When all is said in done, the year that was 2020 will be more significant for what didn’t happen than what did — at least in the local sports landscape.
The COVID-19 pandemic has left a lasting impression, stealing away memories from area athletes and creating havoc at a catastrophic level.
For many in our community, the coronavirus has been more of a nuisance. For others, however, it has been much more tragic. The experience of contracting the virus, battling the severe symptoms, or in extreme circumstances, losing a loved one. It has also taken a toll emotionally, with depression rates skyrocketing.
To some, the cost has been through financial hardship. Losing a job, or a business, or perhaps having weekly hours cut.
The pain has been real for so many. In the sports arena, a safe haven for so many, providing an escape from a variety of challenges in life, COVID-19 has had an impact as well.
Locally, it was first felt through an all-too-familiar word — canceled.
It started in mid-March by denying the Bakersfield Christian boys and East High girls basketball teams a chance to play for a CIF State championship. Just two weeks after Bakersfield High senior Josiah Hill captured the heavyweight title at the CIF State Championships, the Eagles and Blades were stopped cold. Both schools made fantastic playoff runs, seemingly picking up steam along the way, only to have things shutdown just hours before trips to Sacramento for their title games.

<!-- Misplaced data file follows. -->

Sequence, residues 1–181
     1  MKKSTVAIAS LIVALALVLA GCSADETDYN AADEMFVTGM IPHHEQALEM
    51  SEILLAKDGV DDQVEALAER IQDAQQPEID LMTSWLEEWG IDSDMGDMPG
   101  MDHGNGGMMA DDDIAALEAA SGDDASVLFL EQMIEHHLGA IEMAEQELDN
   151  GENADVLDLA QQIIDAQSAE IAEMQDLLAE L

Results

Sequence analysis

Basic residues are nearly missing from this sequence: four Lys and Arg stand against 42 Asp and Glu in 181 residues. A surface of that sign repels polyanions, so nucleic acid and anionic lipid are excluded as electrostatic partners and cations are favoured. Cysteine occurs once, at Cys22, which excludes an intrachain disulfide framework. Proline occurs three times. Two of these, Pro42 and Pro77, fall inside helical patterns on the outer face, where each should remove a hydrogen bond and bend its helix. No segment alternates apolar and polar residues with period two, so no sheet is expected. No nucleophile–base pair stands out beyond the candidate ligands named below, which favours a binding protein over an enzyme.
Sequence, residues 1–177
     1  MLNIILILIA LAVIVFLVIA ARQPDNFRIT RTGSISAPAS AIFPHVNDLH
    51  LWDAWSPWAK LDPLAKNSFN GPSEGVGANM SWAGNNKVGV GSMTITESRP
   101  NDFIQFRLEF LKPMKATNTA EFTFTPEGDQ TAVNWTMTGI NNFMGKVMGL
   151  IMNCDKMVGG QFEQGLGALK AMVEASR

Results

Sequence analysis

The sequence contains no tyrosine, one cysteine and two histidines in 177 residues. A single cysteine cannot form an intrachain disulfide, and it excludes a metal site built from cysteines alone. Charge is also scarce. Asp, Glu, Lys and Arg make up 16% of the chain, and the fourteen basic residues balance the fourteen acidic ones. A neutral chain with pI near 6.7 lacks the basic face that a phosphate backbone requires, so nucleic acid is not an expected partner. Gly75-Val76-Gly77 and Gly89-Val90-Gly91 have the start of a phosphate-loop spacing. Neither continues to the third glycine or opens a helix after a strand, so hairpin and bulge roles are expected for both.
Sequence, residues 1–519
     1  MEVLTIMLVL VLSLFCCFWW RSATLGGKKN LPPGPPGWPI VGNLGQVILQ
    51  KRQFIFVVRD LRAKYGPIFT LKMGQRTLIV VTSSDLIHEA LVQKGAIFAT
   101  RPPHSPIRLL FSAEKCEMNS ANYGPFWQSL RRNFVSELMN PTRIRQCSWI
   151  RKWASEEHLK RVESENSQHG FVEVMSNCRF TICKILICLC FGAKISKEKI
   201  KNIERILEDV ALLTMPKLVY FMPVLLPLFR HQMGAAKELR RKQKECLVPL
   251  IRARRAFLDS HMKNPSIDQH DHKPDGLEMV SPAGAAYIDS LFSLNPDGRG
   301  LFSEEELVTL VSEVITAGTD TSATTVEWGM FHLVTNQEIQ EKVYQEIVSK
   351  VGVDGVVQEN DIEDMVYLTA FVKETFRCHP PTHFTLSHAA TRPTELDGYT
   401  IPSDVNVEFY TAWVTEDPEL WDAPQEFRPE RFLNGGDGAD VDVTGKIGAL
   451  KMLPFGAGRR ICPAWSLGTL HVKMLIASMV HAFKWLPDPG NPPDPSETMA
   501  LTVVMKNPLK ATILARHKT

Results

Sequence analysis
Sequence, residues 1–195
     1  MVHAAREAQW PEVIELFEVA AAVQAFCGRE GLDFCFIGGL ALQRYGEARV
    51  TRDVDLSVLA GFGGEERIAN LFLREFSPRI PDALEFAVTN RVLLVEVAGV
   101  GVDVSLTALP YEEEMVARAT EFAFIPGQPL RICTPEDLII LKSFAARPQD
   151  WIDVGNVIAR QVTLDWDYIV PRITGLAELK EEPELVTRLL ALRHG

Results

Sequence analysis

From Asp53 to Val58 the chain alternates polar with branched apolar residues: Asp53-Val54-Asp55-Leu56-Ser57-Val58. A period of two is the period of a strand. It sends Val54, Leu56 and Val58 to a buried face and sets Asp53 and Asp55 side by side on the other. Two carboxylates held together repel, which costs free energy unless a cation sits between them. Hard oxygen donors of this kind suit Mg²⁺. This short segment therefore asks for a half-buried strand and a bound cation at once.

Although the teams had to settle with Southern California Regional titles, each celebrated with banners and championship rings — albeit in a new socially-distanced environment.
Despite the disappointing ending to their seasons, BCHS and East, along with Hill, had plenty to celebrate in 2020 prior to the pandemic. The Bakersfield High girls basketball team also won their third straight Central Section title, and the Independence boys also celebrated winning a section crown at Selland Arena.
The Foothill and Garces boys, and Centennial girls soccer teams also won section championships and advanced to the state playoffs. Frontier’s Alyssa Valdivia finished as runner up at 106 pounds at the state championships.
Even as the pandemic began to take hold, there was a sprinkling of good news. Former Liberty quarterback Jordan Love was selected as the 26th pick overall in the NFL Draft by the Green Bay Packers. His former Patriots’ teammate Krys Barnes was signed by the team shortly thereafter. There were also seemingly countless numbers of local athletes who signed to play at colleges next year.
And let's not forget about the Lakers and Dodgers, who both ended long title droughts with championships in the past few months.
All in the midst of a pandemic that was initially thought to be just a temporary situation.
As it turns out, the pandemic was just getting warmed up. Spring sports athletes were hit with a knockout blow in April. With seasons originally postponed, cancellations followed soon after, wiping out the entire season, and essentially eliminating senior years for several top-level athletes in baseball, softball, track and field, swimming, boys tennis and boys golf.